How A. G. Bell Spent His Summers Hanging Out In Nova Scotia and Flying Kites In the Name of Science
“He goes up there on the side of the hill on sunny afternoons and with a lot of thing-ma-jigs fools away the whole blessed day, flying kites, mind you. He sets up a blackboard and puts down figures about these kites and queer machines he keeps bobbing around in the sky. Dozens of them he has, all kinds of queer shapes, and the kites are but poor things God knows! I could make better myself.” — Comments of a boatman in Baddeck, Nova Scotia, on the tetrahedral-kite experiments of Alexander Graham Bell
Since kites were used to test both aerodynamics and flight stability, they played an important role in the development of aviation. Lawrence Hargrave (1850 - 1915) — who was an English engineer, explorer, astronomer, and aeronautical pioneer — first created the high-performance box kite, or cellular kite, in 1892. In turn, his work inspired the Scottish-born inventor Alexander Graham Bell (1847 - 1922), whose aeronautics experiments, beginning in the late 1890s, led to the development of the respectable tetrahedral cell kite that had impressive strength as well as great lift.
Bell was actively attempting to build a kite that was scalable and big enough to carry both a man and an engine while staying in Baddeck, Nova Scotia, where he and his family spent their summers starting in the mid-1880s. As evidenced by the quote above, local observers did not have much confidence in his attempts; still, Bell and his collaborators carried out 1200 carefully documented experiments over a span of 20 years using kites made up of tetrahedrally shaped cells that created a kind of tetrahedral truss, or rigid frames, based on tetrahedral geometry.
For those of us who have been out of school for a while, this may need some clarification. Generally speaking, a tetrahedron is a polyhedron with four sides. A polyhedron, however, has two definitions: “In geometry, a polyhedron is simply a three-dimensional solid which consists of a collection of polygons, usually joined at their edges.” And in algebraic topology, a polyhedron is “a space that can be built from such ‘building blocks’ as line segments, triangles, tetrahedra, and their higher dimensional analogs by ‘gluing them together’ along their faces.”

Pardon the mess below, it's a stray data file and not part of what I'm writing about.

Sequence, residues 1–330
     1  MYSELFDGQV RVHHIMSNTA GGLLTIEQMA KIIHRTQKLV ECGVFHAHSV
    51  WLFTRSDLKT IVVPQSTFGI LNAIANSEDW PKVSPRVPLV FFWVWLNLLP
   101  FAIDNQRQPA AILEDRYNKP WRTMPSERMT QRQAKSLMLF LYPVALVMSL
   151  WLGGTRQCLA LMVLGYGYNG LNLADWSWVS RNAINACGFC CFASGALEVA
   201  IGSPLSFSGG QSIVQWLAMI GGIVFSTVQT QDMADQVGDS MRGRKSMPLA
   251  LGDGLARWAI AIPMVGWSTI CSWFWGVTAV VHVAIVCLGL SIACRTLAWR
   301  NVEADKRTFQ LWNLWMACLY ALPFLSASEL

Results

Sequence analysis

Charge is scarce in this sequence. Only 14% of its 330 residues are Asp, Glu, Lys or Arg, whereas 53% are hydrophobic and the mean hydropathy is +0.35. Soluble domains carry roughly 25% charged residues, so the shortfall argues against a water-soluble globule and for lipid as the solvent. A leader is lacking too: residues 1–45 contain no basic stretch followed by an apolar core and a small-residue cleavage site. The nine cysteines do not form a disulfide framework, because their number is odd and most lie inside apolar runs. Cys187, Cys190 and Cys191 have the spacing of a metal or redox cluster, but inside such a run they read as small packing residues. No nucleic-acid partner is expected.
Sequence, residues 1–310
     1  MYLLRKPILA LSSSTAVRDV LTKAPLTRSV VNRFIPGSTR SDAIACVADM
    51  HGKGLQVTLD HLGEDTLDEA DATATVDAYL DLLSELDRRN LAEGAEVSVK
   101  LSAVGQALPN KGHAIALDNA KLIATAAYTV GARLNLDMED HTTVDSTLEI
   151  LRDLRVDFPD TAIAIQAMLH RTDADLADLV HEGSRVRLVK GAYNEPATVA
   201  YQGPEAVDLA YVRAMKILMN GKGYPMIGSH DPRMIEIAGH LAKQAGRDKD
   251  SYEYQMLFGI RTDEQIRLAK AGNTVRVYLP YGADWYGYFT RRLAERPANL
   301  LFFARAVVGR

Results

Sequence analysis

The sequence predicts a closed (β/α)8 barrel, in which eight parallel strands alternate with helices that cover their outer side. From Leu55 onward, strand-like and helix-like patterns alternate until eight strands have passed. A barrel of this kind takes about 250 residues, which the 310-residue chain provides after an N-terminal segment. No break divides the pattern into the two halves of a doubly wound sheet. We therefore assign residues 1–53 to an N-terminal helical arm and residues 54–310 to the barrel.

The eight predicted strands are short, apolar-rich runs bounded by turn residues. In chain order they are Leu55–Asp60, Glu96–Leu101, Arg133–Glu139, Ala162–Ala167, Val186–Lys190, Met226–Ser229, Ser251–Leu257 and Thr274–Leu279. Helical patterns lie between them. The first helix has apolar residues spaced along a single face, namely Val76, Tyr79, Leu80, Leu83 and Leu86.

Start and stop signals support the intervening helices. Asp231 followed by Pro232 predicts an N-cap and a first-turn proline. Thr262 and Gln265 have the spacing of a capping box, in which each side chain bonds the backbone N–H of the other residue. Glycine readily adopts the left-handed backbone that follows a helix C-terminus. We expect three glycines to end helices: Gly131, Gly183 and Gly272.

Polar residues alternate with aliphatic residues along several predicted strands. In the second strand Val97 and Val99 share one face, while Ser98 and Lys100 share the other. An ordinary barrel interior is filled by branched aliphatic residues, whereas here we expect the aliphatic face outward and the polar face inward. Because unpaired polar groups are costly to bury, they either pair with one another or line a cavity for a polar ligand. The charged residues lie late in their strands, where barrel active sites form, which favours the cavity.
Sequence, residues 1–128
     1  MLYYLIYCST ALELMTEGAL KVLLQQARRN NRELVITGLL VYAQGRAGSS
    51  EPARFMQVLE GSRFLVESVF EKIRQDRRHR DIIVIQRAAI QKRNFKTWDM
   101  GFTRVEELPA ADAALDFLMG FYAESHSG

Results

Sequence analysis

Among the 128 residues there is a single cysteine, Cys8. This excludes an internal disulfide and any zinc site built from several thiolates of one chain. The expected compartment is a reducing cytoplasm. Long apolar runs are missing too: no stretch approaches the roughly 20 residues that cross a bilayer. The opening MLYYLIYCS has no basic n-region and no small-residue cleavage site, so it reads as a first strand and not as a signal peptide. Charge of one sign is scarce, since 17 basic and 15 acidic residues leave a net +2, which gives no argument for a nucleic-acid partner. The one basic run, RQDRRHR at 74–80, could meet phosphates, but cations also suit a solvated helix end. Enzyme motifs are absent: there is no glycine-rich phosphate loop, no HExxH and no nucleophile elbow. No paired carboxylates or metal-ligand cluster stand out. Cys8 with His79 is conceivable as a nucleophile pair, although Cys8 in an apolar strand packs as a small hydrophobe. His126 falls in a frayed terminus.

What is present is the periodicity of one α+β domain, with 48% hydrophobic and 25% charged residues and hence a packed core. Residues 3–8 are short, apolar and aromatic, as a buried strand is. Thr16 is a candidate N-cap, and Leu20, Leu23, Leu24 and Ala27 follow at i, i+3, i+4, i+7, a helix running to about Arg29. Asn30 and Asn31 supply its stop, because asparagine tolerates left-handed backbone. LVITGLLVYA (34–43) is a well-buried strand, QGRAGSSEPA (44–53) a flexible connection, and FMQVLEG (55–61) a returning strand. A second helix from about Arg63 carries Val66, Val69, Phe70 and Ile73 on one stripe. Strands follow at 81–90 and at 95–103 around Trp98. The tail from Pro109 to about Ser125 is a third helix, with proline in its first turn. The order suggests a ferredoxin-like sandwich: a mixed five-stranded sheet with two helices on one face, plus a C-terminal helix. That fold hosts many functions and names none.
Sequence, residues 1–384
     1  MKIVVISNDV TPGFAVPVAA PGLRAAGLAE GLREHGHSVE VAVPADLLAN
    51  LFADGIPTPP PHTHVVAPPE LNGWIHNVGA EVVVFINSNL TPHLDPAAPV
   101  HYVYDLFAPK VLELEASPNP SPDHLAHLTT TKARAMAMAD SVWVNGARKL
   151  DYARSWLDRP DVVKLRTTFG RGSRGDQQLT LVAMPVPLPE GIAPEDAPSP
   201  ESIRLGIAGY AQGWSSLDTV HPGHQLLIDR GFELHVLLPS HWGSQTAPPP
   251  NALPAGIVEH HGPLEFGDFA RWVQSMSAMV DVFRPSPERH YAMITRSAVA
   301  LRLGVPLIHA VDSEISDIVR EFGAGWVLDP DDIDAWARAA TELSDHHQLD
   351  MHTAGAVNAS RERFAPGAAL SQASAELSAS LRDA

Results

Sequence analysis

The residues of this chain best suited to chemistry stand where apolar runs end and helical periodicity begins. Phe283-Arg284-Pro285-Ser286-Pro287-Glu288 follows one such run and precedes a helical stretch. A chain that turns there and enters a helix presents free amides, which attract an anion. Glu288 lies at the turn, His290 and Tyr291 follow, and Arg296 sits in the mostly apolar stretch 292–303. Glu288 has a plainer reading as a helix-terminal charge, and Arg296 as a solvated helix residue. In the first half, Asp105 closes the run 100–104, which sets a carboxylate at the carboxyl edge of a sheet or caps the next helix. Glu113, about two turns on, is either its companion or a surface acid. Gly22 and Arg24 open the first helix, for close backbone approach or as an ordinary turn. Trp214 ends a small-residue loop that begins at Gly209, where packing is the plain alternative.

In a notebook entry made on August 25th, 1902, Bell documented his excitement “as he linked perceptions gleaned from many months of tests. Frustrated that he could not draw the cell well, he described the shape as a ‘figure composed of 4 equilateral triangles having 4 triangular faces bounded by 6 equal edges.’” The up side was that the tetrahedral kite was stable and easy to fly, since the large number of structural spars made it relatively heavy; the down side was that it required moderate to strong winds to operate.
Bell celebrated his breakthrough in “The Tetrahedral Principle in Kite Structure” (1903) that was featured in National Geographic — which was published by the National Geographic Society that Bell co-founded with 32 other members. He wrote:
"In the words of an old writer, ‘We cannot consider as impossible that which has already been accomplished.’ I have had the feeling that a properly constructed flying-machine should be capable of being flown as a kite; and, conversely, that a properly constructed kite should be capable of use as a flying-machine when driven by its own propellers. I am not so sure, however, of the truth of the former proposition as I am of the latter.